As part of an article on rising travel destinations, Forbes Magazine listed both Tel Aviv and Beirut as some of the locations that Americans are becoming increasingly interested in visiting. As such, an Israeli investment manager called Mark Leibowitz tweeted in celebrating, inadvertently tagging Beirut.com’s twitter account thinking they were the official representatives of the city.
As such, Beirut.com replied from their twitter account that they wanted to be “excluded from the narrative” echoing the ever wise Taylor Swift circa 2016 with her reply to the Kanye West/Kim Kardashian drama. It’s also a narrative they did not choose to partake in in the first place. What they meant was that they wanted their official twitter account not to be associated with such a thing given they’re not representatives of the city in any way. What Mark Leibowitz understood of it was an act of aggression over the statement he made.
Of course, Beirut.com’s reply was not taken on too kindly by the Israeli twitterverse that responded aplenty:
And, naturally, the Mossad intervened.
Of course, such silly hashtag by one of the world’s leading intelligence agencies regarding a country they’re at war with and have been in active conflict with nearly 11 years ago did not sit well with the Lebanese populace on in Twitter.
It hasn’t been a year yet since these threats were made by Israeli politicians against the Lebanese people:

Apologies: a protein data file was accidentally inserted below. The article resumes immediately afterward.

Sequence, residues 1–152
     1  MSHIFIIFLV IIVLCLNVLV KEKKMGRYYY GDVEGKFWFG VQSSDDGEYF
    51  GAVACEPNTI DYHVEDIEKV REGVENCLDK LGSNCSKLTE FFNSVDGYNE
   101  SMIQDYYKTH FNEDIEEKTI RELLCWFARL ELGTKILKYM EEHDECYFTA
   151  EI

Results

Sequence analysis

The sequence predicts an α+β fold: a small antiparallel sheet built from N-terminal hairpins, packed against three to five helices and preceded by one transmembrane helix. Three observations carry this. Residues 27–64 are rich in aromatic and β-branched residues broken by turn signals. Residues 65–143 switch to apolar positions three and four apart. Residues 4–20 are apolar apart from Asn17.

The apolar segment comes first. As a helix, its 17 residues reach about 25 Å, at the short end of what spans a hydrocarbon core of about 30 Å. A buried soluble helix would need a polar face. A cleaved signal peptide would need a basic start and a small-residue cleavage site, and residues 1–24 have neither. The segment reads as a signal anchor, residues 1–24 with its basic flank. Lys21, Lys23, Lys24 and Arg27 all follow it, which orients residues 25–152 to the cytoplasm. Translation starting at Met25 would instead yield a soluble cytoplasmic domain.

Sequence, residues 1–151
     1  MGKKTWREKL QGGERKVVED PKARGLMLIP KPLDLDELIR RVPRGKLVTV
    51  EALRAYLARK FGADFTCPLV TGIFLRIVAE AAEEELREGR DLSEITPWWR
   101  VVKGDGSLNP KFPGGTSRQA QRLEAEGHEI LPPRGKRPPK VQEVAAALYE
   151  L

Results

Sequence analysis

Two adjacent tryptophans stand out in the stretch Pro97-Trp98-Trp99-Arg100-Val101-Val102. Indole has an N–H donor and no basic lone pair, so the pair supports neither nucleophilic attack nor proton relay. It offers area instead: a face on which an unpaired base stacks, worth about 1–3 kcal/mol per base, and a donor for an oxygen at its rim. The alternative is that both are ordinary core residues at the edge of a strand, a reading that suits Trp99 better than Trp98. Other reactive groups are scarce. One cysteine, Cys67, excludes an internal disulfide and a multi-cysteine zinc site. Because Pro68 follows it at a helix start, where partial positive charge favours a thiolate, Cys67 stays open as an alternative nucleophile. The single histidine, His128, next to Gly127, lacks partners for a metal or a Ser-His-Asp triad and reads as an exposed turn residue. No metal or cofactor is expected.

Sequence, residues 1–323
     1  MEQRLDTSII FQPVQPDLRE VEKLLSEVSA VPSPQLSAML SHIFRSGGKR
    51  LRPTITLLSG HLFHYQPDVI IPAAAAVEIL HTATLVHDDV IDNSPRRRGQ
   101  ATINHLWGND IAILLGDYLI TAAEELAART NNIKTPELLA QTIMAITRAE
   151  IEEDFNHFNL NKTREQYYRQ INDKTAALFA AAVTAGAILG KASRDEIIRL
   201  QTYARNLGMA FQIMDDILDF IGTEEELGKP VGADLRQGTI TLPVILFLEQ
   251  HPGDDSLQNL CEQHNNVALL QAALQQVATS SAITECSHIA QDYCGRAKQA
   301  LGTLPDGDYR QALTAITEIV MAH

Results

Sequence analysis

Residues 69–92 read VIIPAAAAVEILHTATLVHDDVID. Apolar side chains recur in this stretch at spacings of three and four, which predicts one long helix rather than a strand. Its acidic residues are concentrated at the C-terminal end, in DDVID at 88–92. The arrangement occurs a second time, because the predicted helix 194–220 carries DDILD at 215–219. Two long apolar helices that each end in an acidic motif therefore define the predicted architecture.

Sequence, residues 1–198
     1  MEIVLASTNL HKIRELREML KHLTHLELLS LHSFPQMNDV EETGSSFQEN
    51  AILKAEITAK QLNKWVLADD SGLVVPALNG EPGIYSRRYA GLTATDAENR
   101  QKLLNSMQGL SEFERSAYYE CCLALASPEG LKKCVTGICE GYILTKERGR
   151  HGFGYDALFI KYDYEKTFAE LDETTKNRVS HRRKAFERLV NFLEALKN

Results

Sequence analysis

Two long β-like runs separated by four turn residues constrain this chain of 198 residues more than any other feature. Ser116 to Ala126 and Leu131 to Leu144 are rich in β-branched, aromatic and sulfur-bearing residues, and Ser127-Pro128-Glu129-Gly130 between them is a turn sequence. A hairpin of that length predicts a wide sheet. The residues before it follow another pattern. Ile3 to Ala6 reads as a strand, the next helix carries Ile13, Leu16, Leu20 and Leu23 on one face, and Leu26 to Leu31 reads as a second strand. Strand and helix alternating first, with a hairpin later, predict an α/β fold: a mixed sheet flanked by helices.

Some of the Lebanese replies though are as follows:
Another day, another drama.
It’s fortunate that hashtags and Twitter wars remain as online media through which people can vent without actual damage being done, or at least damage in the literal sense of the word of what usually takes place when Lebanon and Israel clash.
It’s immensely silly that the Israeli Mossad tried to brush away years of conflict between the two countries with a hashtag as silly as the one they came up with, or that some of the Israelis responding were not aware there’s more to the conflict between the two countries than what began 71 years ago when their country was founded.
If Tel Aviv truly “loved” Beirut, they would refrain their politicians from launching threats at Beirut whenever they want to give a boost to their political credentials, and own up to their own record of attacking Lebanese civilians, admit to the countless war crimes they’ve committed in Lebanon – and that’s for starters. But of course, watch them blurt out Hezbollah as a response.
I may not support all facets of Lebanese censorship or prosecution when it comes to Israel-related entities, but I cannot also stand and watch my country’s own destruction be washed off under a meme.